KG: And that may even be inadequate to describe it.
PB: I don’t really have anything to add, except this: Don’t ever eat at Babani’s without ordering some Dowjic. If you do, may you be exiled to a place that is devoid of herbs and spices; a place where they serve only underseasoned, overcooked meat and potatoes every day (sorry, North Dakota).
KG: For entrees, Phil got the Kubay Sawar and I got the Chicken Tawa. You also get a selection of side salad – I got the Jaajic, which is sort of a cousin to Greek tzatziki, in that it’s a blend of yogurt, cucumber, dill and goodness, where Phil got the Tanyata, which is half tabouli and half Jaajic. Phil thought the lemon in the tabouli mixed very well with the cool yogurt of the Jaajic, but I’ll let him tell you all about it.
PB: Well, first maybe we should explain what tabouli is: first, you chop a bunch of parsley (stems and all), garlic, onions and tomatoes; mix it all together with some cooked bulghur (cracked wheat) and lemon juice, then you add salt, pepper, and olive oil to taste. Voila! You have just created tabouli.
Now, here’s my problem with tabouli by itself: the taste and texture of the parsley stems remind me of grass or hay. However, when l mix a bite of tabouli with a little Jaajic, two good things happen: (1) the yogurt softens and blends the parsley flavor/texture in with everything else, and (2) the lemon juice gives the mixture a nice zesty note that I find very pleasing. Apparently one of the owners (Tanya Fuad) agrees with me, since the menu item is named after her.
Enough said about the side salad. Let’s get back to the main entrees.
KG: The Kubay Sawar is nice, but mild dish. It’s just a big ol’ fried dumpling with a light gravy to dip it in. It’s not bad, but it won’t have you jumping out of your seat. It’s kind of like an Indian samosa, only with less spice. It’s not bad by any stretch, but after the soup…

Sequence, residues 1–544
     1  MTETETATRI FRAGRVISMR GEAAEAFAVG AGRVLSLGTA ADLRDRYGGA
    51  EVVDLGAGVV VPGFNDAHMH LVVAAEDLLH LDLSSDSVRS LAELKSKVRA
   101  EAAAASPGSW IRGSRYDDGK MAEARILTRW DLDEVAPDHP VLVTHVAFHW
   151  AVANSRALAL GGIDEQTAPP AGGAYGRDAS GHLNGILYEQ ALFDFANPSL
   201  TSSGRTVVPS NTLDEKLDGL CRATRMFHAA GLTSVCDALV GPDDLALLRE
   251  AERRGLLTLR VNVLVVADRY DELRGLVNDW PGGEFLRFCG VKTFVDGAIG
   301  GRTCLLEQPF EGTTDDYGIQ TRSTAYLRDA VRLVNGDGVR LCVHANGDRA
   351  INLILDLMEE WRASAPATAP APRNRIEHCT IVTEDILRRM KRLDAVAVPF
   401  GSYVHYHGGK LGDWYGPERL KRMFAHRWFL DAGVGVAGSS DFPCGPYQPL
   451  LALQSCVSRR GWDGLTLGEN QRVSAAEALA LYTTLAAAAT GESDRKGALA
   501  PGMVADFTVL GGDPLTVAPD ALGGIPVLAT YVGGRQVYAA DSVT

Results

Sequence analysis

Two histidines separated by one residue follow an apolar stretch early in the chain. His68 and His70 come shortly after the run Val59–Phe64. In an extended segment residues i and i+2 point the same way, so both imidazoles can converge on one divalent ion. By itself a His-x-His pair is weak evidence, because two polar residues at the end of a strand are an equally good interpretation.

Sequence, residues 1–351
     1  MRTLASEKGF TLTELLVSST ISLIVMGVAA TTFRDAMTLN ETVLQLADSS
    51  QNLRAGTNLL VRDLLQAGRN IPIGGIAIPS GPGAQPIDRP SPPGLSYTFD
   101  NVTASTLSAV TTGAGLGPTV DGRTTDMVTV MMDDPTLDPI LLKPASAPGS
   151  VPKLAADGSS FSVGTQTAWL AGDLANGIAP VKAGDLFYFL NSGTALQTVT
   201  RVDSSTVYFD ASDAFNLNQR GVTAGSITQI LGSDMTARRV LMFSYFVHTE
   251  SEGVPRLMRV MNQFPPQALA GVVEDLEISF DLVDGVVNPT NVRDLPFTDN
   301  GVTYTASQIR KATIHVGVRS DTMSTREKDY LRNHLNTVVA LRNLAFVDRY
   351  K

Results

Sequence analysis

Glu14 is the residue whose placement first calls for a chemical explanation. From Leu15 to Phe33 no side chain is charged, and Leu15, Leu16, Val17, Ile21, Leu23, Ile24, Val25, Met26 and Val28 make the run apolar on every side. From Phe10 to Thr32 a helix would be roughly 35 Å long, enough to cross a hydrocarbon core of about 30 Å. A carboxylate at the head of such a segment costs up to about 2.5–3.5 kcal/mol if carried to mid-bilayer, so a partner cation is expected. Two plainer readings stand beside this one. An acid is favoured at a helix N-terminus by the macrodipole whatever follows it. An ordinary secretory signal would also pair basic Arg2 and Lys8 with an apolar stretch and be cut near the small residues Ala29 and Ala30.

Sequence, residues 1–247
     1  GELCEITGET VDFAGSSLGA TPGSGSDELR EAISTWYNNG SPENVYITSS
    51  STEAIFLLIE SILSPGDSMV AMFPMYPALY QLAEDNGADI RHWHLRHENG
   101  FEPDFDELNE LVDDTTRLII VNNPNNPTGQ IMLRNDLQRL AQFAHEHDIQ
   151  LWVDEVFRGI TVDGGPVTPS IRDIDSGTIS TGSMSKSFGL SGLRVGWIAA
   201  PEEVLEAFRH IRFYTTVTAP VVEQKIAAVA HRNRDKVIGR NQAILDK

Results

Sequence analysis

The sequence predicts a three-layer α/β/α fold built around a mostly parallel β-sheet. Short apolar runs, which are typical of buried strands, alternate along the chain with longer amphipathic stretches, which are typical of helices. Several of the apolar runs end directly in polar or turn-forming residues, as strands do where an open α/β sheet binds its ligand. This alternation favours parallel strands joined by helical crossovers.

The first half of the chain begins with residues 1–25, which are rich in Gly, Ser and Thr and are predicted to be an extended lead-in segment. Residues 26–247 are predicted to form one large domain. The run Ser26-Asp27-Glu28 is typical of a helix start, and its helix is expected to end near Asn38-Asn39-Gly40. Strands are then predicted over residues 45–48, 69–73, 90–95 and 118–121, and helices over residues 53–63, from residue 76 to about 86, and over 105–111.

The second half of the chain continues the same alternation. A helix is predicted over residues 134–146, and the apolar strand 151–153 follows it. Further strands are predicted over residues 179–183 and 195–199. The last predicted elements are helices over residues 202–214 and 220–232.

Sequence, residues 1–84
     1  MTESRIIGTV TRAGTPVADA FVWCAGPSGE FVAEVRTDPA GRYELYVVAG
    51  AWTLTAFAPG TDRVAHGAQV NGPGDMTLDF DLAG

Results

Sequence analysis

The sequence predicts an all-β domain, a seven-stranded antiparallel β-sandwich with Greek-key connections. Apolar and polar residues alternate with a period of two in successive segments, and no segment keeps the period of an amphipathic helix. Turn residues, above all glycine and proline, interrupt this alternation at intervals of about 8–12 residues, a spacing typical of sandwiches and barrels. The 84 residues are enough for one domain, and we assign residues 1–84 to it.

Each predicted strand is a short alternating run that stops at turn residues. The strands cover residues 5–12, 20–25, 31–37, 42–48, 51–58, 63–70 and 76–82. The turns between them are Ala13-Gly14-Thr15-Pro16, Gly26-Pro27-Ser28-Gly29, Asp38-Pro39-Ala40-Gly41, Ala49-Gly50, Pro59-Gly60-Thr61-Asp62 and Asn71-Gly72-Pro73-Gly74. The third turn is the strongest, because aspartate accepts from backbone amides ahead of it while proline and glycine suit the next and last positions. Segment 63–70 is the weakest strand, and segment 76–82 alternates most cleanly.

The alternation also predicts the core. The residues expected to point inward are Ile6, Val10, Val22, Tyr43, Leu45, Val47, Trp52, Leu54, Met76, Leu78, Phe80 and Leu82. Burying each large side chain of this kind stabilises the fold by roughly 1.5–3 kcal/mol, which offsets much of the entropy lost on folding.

PB: My take on the dish: the wheat dough was somewhere between crisp and chewy, and had a subtle nutty flavor. The filling tasted like ground beef, onions, salt, and pepper -- not that there’s anything wrong with that (sorry, Seinfeld).. The dipping gravy resembled a thick bean soup, perhaps made from pureed chickpeas cooked in a savory broth. The plate had a little wall of basmati rice to separate the gravy from the dumplings and salad. Nicely done, but …
KG: I liked the Chicken Tawa a little better – the chicken is tender to the point of falling off the bone, and the dried limes gives it a nice flavor, but again, it’s not going to jump off the page. The sauce does make the potatoes and rice fantastic, but it’s flavors you’ve had and know. Compared to the unique and exotic drink and soup, you’ll be pleased, but not thrilled.
PB: No surprises -- I second what Kale said.
KG: I want to stress again – the entrees are not bad in any way, shape, or form. But this is a menu that has some simply unbeatable delicacies, and even the good seem ordinary when standing next to the stellar. The fact is, it’s a Lauren Syndrome place – the soup simply towers above the rest of the menu, and next to it the entrees are forced to look on enviously as it gets all the accolades. (For those just joining us, Lauren Syndrome is what afflicts restaurants when they have stellar appetizers which make the entrees seem pale, named after my wife who first ruminated upon it.)
PB: When I ordered the Dowjic as an appetizer, Kale gave me a funny look. It turns out that he always orders the soup with the main course, not before. After lunch, I had to agree that having the soup alongside the other entrees would have elevated them to a new level, making the difference between a good meal and a great meal. Anyhow, now I know -- I still give Babani’s a full plastic fork. Will definitely come back and order things the right way next time.
KG: Babani’s is easily four tines for me – everything is good, and with the soup and the lemonade, some things are amazing. Check their site for hours before you go due to a slightly odd calendar, but you gotta try this place. It’ll make you wonder why there aren’t more Kurdish joints dotting the map.